BluRay/DVD Reviews

THE JAYNE MANSFIELD COLLECTION

By • Aug 8th, 2006 •

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“I remember someone once said: ‘Good things come in small packages’. He didn’t know you, Jayne Mansfield”.
– From “Jayne Busts Up Las Vegas”, released on vinyl in 1961.

It took a reported IQ of 163, three drama schools, some bleach, lots of determination and a figure of 40D-21-35 1/21 to create the greatest parody of a 1950’s bombshell. It was so raw, so in your face and so close to the male fantasy of the time that it was mistaken for the real thing.

IT (as in the sex-appeal the girl can’t help) was Ms. Jayne Mansfield, a woman determined to be a star and clever enough to know how to get her wishes. Mansfield sold herself as a product, as the only thing that could top Marilyn Monroe – The same, but bigger! She worked her own PR as slickly as the Sex Pistols did 20 years later, being in the right place at the right time, and making sure there was always a camera around.

She was quickly signed to Warner Brothers studios, but they misused her in bit parts and as a type of traveling Marilyn Monroe, appearing in many of the company’s events. Eventually, WB dropped her and Mansfield, desiring real respect as an actress, went on to star in the successful Broadway show, WILL SUCCESS SPOIL ROCK HUNTER? She left only when 20th Century Fox, tired of the antics of their contract star, Marilyn Monroe, signed Mansfield to their studio.

The new DVD box-set serves as nice bookends to her 20th Century Fox career, including the first, best and last films she made for them. It is a double reason for celebration as two of those are amongst the best films of director Frank Tashlin as well. Starting with the finest Rock ‘n’ Roll picture of the 1950’s.

The Rock ‘n’ Roll exploitation genre exploded in 1956. Films like ROCK AROUND THE CLOCK, DON’T KNOCK THE ROCK, and ROCK ROCK ROCK all used a trivial plot as a vehicle for lip-synched performances by some of the day’s biggest stars. The best of these, was by far, THE GIRL CAN’T HELP IT, directed by Frank Tashlin who, as an outsider to that world, created a film that spoofed it as well as exploited it by having artists like Little Richard, The Platters, Gene Vincent, Eddie Cochran, Fats Domino and many others perform their hits on the big screen.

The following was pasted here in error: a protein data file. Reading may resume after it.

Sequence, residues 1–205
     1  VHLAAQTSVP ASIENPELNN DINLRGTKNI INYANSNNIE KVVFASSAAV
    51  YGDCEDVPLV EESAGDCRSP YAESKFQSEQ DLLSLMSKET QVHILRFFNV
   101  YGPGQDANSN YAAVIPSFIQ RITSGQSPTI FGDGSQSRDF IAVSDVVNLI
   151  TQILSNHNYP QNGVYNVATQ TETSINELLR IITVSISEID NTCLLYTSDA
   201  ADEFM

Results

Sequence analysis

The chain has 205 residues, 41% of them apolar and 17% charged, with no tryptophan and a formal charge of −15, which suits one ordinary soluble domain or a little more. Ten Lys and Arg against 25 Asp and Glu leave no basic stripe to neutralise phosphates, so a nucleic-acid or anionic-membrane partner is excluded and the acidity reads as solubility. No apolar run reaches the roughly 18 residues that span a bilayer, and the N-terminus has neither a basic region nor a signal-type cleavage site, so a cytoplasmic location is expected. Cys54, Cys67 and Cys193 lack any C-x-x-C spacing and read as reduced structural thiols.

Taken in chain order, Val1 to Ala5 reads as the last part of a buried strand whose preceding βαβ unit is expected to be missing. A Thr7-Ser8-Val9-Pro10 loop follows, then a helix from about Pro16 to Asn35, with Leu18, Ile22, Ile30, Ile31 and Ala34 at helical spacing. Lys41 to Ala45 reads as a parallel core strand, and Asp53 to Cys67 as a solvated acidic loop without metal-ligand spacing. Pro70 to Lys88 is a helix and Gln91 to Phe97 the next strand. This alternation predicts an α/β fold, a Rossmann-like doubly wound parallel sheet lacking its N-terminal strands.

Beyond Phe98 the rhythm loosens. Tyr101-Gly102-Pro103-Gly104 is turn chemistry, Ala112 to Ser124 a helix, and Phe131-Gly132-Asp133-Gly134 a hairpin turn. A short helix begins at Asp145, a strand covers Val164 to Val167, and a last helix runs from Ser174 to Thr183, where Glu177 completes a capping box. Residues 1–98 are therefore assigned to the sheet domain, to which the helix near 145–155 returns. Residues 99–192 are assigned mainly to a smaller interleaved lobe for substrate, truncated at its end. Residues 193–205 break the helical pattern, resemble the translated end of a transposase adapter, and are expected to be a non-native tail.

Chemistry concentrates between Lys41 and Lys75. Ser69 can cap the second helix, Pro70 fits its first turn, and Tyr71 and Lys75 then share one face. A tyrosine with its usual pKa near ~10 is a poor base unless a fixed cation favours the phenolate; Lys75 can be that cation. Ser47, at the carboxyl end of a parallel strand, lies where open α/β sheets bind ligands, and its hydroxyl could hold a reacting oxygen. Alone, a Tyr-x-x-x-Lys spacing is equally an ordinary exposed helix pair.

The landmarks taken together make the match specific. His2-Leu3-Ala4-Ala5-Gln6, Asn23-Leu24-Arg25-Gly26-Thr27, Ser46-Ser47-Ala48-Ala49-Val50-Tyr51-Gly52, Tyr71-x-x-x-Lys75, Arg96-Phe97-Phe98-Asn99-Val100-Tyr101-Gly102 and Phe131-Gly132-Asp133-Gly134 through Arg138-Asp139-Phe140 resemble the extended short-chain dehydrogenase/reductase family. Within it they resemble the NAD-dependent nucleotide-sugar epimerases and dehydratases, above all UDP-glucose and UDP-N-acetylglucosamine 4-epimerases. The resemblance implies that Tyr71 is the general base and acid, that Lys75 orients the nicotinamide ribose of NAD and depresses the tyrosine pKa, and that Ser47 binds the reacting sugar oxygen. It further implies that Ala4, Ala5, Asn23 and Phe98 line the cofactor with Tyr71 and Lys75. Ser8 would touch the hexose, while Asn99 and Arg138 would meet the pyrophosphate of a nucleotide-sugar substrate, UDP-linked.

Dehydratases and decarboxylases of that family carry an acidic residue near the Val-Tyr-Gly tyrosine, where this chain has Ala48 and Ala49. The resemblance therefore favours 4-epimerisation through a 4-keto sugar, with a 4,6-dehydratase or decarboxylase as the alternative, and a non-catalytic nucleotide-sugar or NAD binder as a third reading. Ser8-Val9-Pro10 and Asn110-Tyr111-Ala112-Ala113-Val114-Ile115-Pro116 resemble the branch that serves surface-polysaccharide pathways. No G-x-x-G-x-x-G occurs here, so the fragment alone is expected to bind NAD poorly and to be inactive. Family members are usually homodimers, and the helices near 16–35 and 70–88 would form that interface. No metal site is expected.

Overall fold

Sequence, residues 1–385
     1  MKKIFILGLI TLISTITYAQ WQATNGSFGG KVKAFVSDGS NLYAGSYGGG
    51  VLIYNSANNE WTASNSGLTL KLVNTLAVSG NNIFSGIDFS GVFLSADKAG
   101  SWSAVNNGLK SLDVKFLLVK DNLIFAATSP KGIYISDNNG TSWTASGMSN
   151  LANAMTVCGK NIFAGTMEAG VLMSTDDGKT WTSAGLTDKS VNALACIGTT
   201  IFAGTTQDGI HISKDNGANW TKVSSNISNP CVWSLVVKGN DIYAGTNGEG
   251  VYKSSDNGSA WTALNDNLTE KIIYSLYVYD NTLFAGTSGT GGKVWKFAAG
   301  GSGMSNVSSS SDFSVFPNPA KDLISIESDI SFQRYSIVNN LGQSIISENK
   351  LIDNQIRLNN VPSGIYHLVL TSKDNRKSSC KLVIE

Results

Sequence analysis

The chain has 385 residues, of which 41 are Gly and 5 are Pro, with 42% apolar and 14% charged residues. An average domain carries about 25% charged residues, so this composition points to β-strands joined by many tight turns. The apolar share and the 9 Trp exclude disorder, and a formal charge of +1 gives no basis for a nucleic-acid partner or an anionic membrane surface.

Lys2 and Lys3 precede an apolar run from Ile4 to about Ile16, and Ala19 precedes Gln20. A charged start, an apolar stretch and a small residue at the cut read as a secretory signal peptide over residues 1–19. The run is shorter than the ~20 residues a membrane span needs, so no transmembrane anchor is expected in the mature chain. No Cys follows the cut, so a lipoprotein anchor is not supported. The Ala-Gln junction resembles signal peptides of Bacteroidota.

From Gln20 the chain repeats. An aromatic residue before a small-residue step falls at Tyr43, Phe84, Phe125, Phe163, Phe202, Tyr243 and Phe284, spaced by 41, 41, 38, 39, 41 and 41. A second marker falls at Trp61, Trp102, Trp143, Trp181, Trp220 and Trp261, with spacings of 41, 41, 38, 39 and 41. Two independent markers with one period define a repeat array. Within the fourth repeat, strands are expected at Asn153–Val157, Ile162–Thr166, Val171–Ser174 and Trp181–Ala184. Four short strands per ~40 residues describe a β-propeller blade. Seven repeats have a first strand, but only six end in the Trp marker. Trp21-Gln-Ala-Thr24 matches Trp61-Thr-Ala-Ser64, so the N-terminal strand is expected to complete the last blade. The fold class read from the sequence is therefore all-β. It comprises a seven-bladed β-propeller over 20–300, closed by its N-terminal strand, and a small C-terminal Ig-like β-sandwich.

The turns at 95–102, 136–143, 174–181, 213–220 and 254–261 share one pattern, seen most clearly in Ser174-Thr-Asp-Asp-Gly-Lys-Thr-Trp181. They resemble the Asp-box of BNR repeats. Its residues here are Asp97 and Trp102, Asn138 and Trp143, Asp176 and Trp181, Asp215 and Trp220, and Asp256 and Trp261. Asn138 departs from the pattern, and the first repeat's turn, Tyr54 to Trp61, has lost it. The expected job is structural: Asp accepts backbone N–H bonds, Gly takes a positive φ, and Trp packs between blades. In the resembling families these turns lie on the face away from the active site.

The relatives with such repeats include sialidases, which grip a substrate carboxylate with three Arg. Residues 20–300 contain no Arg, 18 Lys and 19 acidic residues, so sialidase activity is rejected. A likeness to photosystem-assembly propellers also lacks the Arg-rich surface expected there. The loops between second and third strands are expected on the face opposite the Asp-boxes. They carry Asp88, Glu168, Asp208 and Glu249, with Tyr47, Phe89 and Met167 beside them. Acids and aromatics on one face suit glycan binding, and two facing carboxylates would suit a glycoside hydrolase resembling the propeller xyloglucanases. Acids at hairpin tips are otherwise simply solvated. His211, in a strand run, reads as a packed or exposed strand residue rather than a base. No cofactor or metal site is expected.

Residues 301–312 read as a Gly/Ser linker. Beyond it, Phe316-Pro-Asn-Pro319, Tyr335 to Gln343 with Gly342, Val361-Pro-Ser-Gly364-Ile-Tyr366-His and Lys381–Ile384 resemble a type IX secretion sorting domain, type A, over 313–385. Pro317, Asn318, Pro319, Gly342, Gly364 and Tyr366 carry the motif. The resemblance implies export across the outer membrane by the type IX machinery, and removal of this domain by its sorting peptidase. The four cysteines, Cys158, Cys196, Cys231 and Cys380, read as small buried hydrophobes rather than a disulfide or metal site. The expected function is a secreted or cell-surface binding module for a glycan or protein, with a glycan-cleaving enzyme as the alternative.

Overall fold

Mansfield shines as Jerri Jordan – A woman pushed into musical stardom against her will by her mobster boyfriend (Edmond O’Brian) and a music promoter (Tom Ewell) who she ends up falling for, and although she is unable to sing, her measurements are the ticket to her success. Tashlin criticizes pop culture and its embrace of looks and good PR over real talent – However like the real Jayne Mansfield, Jerri Jordan ends up proving that her talent is quite real.

Even some of the more serious reviewers discussed the film and Mansfield’s debut in terms of her looks and measurements. In the January 1957 issue of ‘Films In Review,’ Courtland Phipps dissects her visual traits more than actually discussing the film, and concludes by asking: “What are Ms. Mansfield’s chances of holding the world sex-pot championship as long as Marilyn did? Very good, provided she appears in better pictures than THE GIRL CAN’T HELP IT”.

Frank Tashlin was, and still is, terribly underrated. One of the greatest comedy directors and critics of 1950’s culture in cinema, he came from the world of cartoons where he directed and animated many Looney Tunes shorts before switching to live-action. His outrageous and wild ideas (‘Cheerful Nihilism’ is the title on one biography) instead of mellowing and conforming to the norm, translated themselves to his films both in imagery and structure. He was the only director who knew how to use Jayne Mansfield’s full potential, just as he was for Jerry Lewis (who would rarely work with directors other than Tashlin or himself), and another character he helped popularize – Porky Pig.

WILL SUCCESS SPOIL ROCK HUNTER? The second film on the new set and again, directed by Tashlin, was based on Mansfield’s Broadway play and sees her in the role she made famous, that of Hollywood bombshell, Rita Marlow.